Saturday, January 28, 2017

Streamlined, three pot, pantry-based, relatively healthy, totally doable....and tasty.....Malai Kofta

The fact that I needed so many qualifiers should tell you that Malai Kofta is originally a fussy recipe. Which is why I always order it in an Indian restaurant, whether they make it well or not, since I really don't like to deal with it at home. But here's a version I tried today, which almost puts in the weekday rotation...well, not really, but certainly in the make-more-often realm.

Paneer could be homemade or store bought. I avoided using khoya and cream, since I usually never have those at home (well, I try not to keep cream at home). This makes it much more pantry-based, and relatively healthier (assuming you can ignore all the ghee). Instead of stuffing the kofta, I mix everything, without much change in the final results. Saves a lot of time. The gravy is a lot simpler than the usual multi-step version. I also used Appe-pan for frying, which also helped make it more streamlined from clean up perspective.

Start with making the paneer: Bring about 4 cups of milk in a pot, add lime juice or citric acid dissolved in water. Once the milk curdles, strain it while you prepare other stuff. It should yield about a cup of paneer crumbles. It doesn't need to drain for too long.

Microwave three medium sized potatoes. Peel and mash in a bowl, add squeezed paneer, about half a cup of milk powder (this is the khoya substitute), one finely chopped green chili, about a teaspoon of ginger (I had some frozen on hand, which, again, saves time), 1/4 cup finely chopped cashews, 3 Tbsp finely chopped golden raisins, 1 big pinch garam masala and salt to taste. Don't need corn starch for this. Mix everything nicely, knead lightly, and split into a dozen portions, and roll into balls.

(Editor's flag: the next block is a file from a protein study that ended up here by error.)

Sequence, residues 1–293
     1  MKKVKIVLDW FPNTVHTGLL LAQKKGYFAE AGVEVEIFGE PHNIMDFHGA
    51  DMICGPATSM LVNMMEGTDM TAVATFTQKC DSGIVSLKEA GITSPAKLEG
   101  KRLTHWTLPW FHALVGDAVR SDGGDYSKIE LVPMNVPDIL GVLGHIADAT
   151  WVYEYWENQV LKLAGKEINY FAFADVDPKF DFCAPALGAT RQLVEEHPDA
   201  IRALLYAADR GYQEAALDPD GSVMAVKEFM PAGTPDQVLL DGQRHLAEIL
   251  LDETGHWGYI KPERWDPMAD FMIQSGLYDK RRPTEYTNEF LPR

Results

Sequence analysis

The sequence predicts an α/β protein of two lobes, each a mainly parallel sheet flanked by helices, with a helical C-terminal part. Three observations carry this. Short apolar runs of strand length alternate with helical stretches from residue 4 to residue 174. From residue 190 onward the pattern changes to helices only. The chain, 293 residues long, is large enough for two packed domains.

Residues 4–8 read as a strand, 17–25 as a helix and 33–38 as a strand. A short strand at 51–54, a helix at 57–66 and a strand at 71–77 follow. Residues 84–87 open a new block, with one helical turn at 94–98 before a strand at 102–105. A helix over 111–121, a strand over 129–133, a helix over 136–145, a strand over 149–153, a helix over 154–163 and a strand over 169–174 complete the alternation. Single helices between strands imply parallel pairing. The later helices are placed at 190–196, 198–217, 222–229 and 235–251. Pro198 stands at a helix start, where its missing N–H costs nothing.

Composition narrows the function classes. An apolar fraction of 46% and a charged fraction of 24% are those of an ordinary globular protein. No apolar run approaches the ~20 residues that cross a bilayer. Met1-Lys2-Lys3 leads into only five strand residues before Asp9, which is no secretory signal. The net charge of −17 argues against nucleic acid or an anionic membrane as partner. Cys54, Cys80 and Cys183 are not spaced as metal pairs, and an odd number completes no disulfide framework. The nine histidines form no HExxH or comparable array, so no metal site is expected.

In a steel pot, boil about a cup of water, add two medium-large white onions, roughly diced (big dice), three small cloves of garlic, 1 tablespoon ginger, one tomato, cut in four wedges, and about 3/4 cup cashews. After a minute or so, pick out the tomatoes, remove the skin and put them back in the pot. Boil everything for about five mins or so, till the onions and cashews soften up. Make sure there's not too much water left in the pot. Turn off the heat, and grind into a fine paste using an immersion blender.